We stayed quiet when reporters uncovered that former Google CEO Eric Schmidt started pushing the Biden administration to appoint Google’s allies to top federal government positions. We stayed quiet when the then-president-elect named a swath of Big Tech alumni to his transition team, including a former Facebook director as his transition’s general counsel. We even stayed quiet when he named Ron Klain, a former executive council member to Silicon Valley’s Washington, D.C., trade group, as his chief of staff.
But with former Google lawyer Renata B. Hesse now the reported front-runner to head the Biden Justice Department’s antitrust division, we can afford to be silent no more.
Biden is taking office at perhaps the most pivotal moment for reining in Google to date. The tech giant already has a Department of Justice lawsuit filed against it that alleges the company engages in illegal search and advertising practices. Another DOJ suit into its advertising business is reportedly on the way, as are the findings from a departmental antitrust investigation into its recent acquisition of Fitbit and what its attainment of the company’s 30 million users can mean for consumer data misuse.
Finalizing these lawsuits and court battles will continue to be the top issue on the antitrust division’s deck for the foreseeable future. How then could Biden’s staff possibly think it’s a good idea to consider a former Google lawyer for this position — one whose husband’s law firm still works for the company?
It’s not as if Hesse recently had an epiphany or come-to-Jesus moment on Google’s predatory business practices. In fact, at a Federal Trade Commission hearing as recently as two years ago, she bluntly cast doubt on the legitimacy of governmental antitrust pushes against the tech giant. When questioned, she stated, “The reason why people use Google Search, generally, is because they like it better,” and went on to ask, “are we gonna punish someone because they did a great job?”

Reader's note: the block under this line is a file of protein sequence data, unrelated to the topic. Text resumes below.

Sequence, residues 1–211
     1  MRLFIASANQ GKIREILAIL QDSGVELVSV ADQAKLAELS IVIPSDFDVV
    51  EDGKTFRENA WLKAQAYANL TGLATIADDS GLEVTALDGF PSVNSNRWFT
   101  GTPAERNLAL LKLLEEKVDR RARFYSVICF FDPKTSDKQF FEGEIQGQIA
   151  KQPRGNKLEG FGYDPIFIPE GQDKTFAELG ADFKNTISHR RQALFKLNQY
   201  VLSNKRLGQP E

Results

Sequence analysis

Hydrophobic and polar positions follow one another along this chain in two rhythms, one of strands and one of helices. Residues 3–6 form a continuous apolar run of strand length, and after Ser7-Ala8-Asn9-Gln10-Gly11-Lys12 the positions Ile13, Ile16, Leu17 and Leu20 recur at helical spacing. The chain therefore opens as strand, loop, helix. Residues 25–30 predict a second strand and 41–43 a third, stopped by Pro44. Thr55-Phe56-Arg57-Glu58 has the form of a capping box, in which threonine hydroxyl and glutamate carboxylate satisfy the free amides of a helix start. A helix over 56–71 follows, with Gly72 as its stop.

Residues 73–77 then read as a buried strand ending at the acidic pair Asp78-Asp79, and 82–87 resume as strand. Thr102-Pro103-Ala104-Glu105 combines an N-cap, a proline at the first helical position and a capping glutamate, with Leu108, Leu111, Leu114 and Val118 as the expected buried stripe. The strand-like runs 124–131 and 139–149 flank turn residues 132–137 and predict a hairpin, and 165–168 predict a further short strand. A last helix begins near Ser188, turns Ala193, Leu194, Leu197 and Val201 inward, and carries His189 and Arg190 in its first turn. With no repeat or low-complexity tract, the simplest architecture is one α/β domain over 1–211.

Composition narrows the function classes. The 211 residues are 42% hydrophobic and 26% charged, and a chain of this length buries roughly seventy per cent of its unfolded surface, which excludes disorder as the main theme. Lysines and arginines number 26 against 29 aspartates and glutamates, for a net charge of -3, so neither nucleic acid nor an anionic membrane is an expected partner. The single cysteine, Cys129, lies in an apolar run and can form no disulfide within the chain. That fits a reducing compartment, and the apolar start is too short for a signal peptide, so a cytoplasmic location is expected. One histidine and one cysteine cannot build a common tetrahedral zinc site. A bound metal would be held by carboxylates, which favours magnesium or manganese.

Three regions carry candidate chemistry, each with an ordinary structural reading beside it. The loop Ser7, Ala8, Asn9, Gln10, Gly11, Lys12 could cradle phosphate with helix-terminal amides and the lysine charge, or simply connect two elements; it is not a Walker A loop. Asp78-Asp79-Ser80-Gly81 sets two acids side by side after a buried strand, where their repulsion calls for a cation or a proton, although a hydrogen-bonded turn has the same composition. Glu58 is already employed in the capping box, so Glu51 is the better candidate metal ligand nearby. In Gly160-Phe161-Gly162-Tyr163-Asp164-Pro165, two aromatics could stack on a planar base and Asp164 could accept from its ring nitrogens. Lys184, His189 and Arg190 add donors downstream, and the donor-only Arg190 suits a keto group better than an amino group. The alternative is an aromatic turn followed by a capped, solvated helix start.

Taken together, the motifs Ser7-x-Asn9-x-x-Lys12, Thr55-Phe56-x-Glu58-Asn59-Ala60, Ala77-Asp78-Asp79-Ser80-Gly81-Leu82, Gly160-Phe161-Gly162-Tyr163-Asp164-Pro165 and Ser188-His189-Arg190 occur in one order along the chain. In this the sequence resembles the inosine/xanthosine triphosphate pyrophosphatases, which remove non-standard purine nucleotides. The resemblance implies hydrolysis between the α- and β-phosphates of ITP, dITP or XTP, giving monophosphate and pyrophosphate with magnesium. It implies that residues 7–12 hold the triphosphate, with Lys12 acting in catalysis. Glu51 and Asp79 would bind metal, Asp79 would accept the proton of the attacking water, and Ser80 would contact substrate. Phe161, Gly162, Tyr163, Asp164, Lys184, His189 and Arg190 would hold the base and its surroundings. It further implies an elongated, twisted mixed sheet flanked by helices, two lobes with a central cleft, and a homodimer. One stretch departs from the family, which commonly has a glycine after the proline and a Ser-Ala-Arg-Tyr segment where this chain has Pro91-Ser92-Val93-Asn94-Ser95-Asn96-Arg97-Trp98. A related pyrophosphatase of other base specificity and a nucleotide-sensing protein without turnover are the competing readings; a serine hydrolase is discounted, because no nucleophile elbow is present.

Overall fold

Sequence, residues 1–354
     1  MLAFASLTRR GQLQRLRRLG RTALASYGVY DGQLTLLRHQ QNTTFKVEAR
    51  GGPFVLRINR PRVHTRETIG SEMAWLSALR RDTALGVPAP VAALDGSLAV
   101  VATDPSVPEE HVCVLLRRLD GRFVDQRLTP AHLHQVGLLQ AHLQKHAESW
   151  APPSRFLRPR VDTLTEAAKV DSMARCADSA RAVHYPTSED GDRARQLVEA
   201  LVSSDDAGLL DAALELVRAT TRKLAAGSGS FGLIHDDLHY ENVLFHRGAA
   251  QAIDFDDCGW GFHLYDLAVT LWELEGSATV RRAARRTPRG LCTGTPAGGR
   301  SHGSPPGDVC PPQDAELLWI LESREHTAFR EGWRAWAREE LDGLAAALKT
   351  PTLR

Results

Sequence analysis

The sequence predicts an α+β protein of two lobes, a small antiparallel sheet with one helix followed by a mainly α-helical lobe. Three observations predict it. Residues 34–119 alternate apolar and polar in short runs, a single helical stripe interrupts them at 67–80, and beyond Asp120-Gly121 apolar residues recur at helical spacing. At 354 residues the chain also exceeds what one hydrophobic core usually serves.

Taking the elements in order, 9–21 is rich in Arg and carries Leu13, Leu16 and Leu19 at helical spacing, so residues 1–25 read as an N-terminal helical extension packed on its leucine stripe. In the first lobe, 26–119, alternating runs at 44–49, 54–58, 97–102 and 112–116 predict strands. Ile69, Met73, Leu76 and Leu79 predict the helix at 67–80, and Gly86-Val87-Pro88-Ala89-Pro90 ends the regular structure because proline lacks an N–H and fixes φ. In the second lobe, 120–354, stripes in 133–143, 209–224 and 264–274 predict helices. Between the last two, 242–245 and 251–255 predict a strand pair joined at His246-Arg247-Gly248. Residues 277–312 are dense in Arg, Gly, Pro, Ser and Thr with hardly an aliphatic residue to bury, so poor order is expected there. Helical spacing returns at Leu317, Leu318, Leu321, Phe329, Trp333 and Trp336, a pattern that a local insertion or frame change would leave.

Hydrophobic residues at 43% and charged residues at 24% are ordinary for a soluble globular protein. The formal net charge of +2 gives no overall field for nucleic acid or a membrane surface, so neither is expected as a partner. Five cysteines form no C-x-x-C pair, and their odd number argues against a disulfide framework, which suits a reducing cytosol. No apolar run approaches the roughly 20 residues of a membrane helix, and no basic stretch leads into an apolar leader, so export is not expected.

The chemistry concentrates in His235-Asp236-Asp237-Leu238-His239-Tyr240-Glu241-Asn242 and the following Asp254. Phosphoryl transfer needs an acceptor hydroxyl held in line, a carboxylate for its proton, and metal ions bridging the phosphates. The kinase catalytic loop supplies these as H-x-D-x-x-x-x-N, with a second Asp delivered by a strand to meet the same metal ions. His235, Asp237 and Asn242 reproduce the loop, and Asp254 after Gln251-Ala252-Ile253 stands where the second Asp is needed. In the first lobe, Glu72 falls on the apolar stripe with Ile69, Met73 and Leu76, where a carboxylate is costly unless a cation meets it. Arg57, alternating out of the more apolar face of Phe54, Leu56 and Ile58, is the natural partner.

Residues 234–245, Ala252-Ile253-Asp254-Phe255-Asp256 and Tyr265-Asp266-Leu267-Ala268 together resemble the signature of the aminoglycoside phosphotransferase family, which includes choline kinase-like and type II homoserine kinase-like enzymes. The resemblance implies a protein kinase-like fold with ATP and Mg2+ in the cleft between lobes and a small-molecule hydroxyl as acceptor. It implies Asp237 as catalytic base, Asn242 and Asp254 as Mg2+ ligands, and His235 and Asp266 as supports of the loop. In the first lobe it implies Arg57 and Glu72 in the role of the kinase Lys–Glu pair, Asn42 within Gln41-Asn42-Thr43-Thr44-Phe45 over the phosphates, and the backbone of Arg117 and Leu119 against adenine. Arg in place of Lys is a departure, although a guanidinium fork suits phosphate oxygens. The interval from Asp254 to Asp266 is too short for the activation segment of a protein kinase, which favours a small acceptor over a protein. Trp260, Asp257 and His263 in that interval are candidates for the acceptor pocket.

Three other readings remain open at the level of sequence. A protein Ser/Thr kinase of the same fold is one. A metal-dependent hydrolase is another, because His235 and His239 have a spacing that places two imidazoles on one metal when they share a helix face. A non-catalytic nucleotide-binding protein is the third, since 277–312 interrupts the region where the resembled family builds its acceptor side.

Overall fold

Why is it so hard for Hesse to understand or admit that Google’s dominance has come from collusive and predatory activity?
This is a corporation that, as recently argued by the U.S. solicitor general in the Google v. Oracle case at the Supreme Court, stole intellectual property from a competitor to create Android — its mobile operating system that’s now home to 65 percent of the company’s total paid clicks. It’s a company that has seized information from third parties without consent to grow its search monopoly and paid off others to muscle out rivals’ products.
All the oxygen won’t get sucked out of the nation’s Google accountability push should the antitrust division fall into Hesse’s hands. In all likelihood, the company will still face justice following the Supreme Court’s Google v. Oracle decision. Suits from coalitions of Democratic and Republican attorneys general should also do some damage. Still, it’s the Department of Justice — the federal government’s highest law enforcement agency — that can deliver the most significant and lasting blows.
Congress may never manage to stop the Biden administration from being a friend to Big Tech; it can, however, stop it from being so deliberate about its intentions.
Members need to take their job of keeping the administration honest and committed to its campaign promise seriously. They should start with the important first step of sounding public alarm bells over its consideration of Hesse and — if need be — override her nomination.
Congress has already demonstrated that the movement to stop Google’s predatory abuses transcends beyond politics. Now, it just needs to prove it by carrying onward with its pro-consumer agenda in this new administration. The American people are counting on it.
Terry Campo is a Washington, D.C.–based attorney. He was a counsel to the U.S. Senate Judiciary Committee and later the general counsel to Senator Charles E. Grassley (R-Iowa).